13. 13. ACCURACY <ul><li>LaserCraft Contour XLRic </li></ul><ul><li>Laser Rangefinder: </li></ul><ul><ul><li>Range Accuracy = 0.10 meter at 85 meters </li></ul></ul><ul><ul><li>Inclination = +/- 0.1 degrees </li></ul></ul><ul><li>Trimble Geo XT handheld GPS receiver: </li></ul><ul><ul><li>Horizontal Accuracy = < 1 meter (submeter) </li></ul></ul><ul><ul><li>Vertical Accuracy = 1.5 to 2 meters </li></ul></ul>
    14. 14. FIELD WORK <ul><ul><ul><li>Measured points: 10ft and 40ft from basepoint </li></ul></ul></ul><ul><ul><ul><li>Slope calculated by internal inclinometer </li></ul></ul></ul><ul><ul><ul><li>Gathered GPS points (at basepoint, 10ft target, and 40ft target) for mapping purposes </li></ul></ul></ul>Blue Ridge Elementary School Field Slope = 22%
    15. 15. DATA <ul><li>10-meter Slope Model </li></ul><ul><ul><li>2003 USGS 10-meter DEM (UTM NAD 1983) </li></ul></ul><ul><ul><li>Vertical Accuracy = +/- 7 meters </li></ul></ul><ul><li>3-meter Slope Model </li></ul><ul><ul><li>2003 USGS 3-meter DEM (UTM NAD 1983) </li></ul></ul><ul><ul><li>Vertical Accuracy = +/- 1 meter </li></ul></ul><ul><li>1-meter Slope Model (LiDAR) </li></ul><ul><ul><li>2005 USDA-NRCS 1-meter DEM (UTM NAD 1983) </li></ul></ul><ul><ul><li>Vertical Accuracy = 0.15 meter </li></ul></ul>
    16. 16. DATA GENERATED <ul><li>1) Drew slope lines between points </li></ul><ul><li>2) Used Hawth’s Analysis Tools to calculate slope of line for each DEM </li></ul><ul><li>3) Plotted model v. field slopes on graph </li></ul><ul><li>4) Obtained R 2 value for each dataset from linear regression model </li></ul>
    17. 17. 10-m NED DEM (USGS)
    18. 18. 3-m NED DEM (USGS)
    19. 19. 1-m LiDAR DEM (USDA-NRCS)
    20. 20. RESOLUTION PROGRESSION 10-m Slope 3-m Slope 1-m Slope
    21. 22. RESULTS <ul><li>1-meter LiDAR DEM more accurate than other datasets available: </li></ul><ul><ul><li>Higher R 2 value </li></ul></ul><ul><ul><li>Finer detail allows for more accurate representation of the surface </li></ul></ul>
    22. 23. FINAL MAP <ul><li>This is the map generated using the best available, most accurate, digital data </li></ul>
    23. 24. ZOOMING IN…
    24. 25. BLUE RIDGE ELEMENTARY SCHOOL Field Slope = 22% Slope Model = 16 – 24%
    25. 26. POTENTIAL FUTURE USES <ul><ul><li>2-ft topographic contours </li></ul></ul><ul><ul><li>Useful for baseline data for future comprehensive plans </li></ul></ul><ul><ul><li>Data freely accessible by citizens for planning purposes </li></ul></ul><ul><ul><li>If used, would provide monetary savings to the public </li></ul></ul><ul><ul><li>Better way to measure average slope for an area </li></ul></ul><ul><ul><li>Useful for determining amount of necessary remediation on a site </li></ul></ul><ul><ul><li>Sub-watershed and riparian zone delineation </li></ul></ul>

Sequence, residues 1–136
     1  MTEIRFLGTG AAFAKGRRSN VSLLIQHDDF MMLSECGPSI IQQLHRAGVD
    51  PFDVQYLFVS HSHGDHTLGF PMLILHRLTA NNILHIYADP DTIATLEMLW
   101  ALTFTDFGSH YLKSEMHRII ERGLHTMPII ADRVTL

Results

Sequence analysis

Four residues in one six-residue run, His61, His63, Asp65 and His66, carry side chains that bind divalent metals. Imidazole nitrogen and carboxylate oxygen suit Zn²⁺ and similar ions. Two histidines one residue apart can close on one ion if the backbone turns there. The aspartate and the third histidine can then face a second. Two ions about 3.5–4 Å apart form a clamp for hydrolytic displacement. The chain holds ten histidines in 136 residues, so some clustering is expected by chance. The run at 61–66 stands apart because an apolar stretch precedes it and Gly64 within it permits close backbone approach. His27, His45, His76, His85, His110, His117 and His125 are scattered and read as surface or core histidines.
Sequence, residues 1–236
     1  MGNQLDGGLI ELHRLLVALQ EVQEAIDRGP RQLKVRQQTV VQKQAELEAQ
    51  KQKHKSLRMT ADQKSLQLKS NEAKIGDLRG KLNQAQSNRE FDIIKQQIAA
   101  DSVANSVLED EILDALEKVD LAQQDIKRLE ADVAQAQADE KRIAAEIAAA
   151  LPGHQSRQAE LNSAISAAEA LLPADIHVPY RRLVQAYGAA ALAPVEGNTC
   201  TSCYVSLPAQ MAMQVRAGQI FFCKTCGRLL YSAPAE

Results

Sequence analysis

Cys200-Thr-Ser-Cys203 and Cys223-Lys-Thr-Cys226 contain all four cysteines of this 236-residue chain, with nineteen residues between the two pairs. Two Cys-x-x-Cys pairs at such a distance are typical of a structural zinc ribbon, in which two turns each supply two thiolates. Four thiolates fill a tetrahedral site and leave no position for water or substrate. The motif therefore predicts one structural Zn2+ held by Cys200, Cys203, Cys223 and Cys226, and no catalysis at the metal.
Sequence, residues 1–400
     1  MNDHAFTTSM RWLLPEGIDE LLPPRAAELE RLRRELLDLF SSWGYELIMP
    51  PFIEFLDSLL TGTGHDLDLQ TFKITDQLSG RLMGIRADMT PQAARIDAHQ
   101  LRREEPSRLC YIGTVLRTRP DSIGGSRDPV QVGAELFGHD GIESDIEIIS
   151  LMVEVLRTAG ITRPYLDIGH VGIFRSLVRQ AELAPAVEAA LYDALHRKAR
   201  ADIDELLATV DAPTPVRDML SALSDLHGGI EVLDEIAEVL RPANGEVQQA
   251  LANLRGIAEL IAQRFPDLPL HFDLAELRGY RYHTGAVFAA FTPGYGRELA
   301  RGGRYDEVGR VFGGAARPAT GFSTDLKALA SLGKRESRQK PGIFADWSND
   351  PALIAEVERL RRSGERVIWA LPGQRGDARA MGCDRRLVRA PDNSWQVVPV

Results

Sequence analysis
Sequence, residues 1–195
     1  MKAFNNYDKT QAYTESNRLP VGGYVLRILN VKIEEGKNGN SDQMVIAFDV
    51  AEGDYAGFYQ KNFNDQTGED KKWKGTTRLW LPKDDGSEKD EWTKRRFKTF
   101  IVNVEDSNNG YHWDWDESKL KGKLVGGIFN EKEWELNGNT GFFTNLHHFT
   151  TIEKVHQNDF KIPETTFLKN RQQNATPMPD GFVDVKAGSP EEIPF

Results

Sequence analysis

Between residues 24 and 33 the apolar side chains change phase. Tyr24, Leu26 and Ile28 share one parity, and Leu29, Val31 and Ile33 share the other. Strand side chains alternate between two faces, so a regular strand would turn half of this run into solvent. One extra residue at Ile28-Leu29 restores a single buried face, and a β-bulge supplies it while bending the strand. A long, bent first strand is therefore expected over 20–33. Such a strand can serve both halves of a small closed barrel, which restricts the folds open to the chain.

28. 29. POTENTIAL FUTURE USES CONTD. <ul><li>Land Stability Map: </li></ul><ul><ul><li>Would include overlay of soils, geology, land cover, impermeable surfaces, tree canopy, etc </li></ul></ul><ul><ul><li>Could be combined with Universal Soil Loss Equation (USLE) to determine potential soil loss </li></ul></ul><ul><ul><li>Useful for assessing potential ground-movement and erosion-prone areas </li></ul></ul>
    29. 30. SUMMARY <ul><li>Most accurate data available </li></ul><ul><li>Reasonably represents the terrain in Jefferson County </li></ul><ul><li>Provides a good confidence of accuracy for 2-ft contours </li></ul><ul><li>1-m LiDAR can be used for planning purposes and combined with other data layers for the creation of valuable datasets </li></ul>
    30. 31. ACKNOWLEDGEMENTS <ul><li>Jennie Brockman </li></ul><ul><li>John Maxey </li></ul><ul><li>Dr. Ed Snyder </li></ul><ul><li>Mike Schwartz </li></ul><ul><li>John Young </li></ul><ul><li>University of Vermont </li></ul>
    31. 32. REFERENCES <ul><li>Aguilar, F. and J. Mills. 2008. Accuracy Assessment of LiDAR-derived digital elevation models. The Photogrammetric Record 23(122): 148-169. </li></ul><ul><li>Beyer, H. L. 2004. Hawth's Analysis Tools for ArcGIS. Available at: </li></ul><ul><li>LaserCraft Inc. 2009. Contour XLRic Laser Rangefinder. Norcross, GA. </li></ul><ul><li>FEMA 2003. Federal Emergency Management Agency. Guidelines and Specifications for Flood Hazard Mapping Partners, Appendix A: Guidance for Aerial Mapping and Surveying. Available online at </li></ul><ul><li>FGDC 1998. Federal Geographic Data Committee. Geospatial Positioning Accuracy Standards, Part 3: National Standard for Spatial Data Accuracy. FGDC-STD-007.3-1998. Available online at </li></ul><ul><li>NDEP 2004. National Digital Elevation Program. Guidelines for Digital Elevation Data, Version 1.0. Available online at </li></ul><ul><li>Trimble Navigation Limited 2009. Trimble GeoXT Handheld Receiver. Sunnyvale, CA. </li></ul><ul><li>USDA-NRCS 2005. United States Department of Agriculture-Natural Resources Conservation Service. 1-m LiDAR Raster Dataset. 07/31/2005. </li></ul><ul><li>USGS 2003a. United States Geological Survey. National Elevation Dataset (NED) 1/9 Arc Second (~ 3m resolution). Available at: </li></ul><ul><li>USGS 2003b. United States Geological Survey. National Elevation Dataset (NED) 1/3 Arc Second (~10m resolution). Available at: </li></ul>